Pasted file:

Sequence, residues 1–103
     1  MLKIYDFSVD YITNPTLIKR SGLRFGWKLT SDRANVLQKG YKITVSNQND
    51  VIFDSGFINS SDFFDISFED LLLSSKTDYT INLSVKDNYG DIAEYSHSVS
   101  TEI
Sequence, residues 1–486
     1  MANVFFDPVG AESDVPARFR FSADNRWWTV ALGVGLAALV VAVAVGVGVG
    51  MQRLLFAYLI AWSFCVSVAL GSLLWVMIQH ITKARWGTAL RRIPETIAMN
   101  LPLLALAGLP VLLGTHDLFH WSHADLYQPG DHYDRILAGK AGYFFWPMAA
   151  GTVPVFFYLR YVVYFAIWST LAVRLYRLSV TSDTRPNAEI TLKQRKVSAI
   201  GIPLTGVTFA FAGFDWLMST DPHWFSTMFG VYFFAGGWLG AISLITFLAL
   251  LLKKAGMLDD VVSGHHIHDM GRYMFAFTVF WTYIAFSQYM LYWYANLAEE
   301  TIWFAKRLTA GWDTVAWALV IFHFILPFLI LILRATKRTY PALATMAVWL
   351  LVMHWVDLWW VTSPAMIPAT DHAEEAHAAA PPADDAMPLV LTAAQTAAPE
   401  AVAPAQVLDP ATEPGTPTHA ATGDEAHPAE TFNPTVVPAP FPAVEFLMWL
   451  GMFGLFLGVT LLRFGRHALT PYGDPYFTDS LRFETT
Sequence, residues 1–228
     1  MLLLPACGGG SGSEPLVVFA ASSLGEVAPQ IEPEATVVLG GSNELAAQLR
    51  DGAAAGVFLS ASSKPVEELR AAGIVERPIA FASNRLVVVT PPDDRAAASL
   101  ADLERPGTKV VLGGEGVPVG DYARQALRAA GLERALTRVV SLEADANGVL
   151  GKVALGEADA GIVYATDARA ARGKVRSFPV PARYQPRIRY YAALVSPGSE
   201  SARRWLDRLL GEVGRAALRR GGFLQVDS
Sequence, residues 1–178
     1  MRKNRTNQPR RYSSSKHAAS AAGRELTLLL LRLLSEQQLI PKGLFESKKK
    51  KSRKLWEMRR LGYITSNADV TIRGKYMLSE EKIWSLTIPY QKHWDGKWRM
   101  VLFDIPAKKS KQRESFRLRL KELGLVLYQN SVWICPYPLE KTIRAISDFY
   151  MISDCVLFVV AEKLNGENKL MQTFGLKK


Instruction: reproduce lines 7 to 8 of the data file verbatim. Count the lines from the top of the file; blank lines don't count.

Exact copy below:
    51  MQRLLFAYLI AWSFCVSVAL GSLLWVMIQH ITKARWGTAL RRIPETIAMN
   101  LPLLALAGLP VLLGTHDLFH WSHADLYQPG DHYDRILAGK AGYFFWPMAA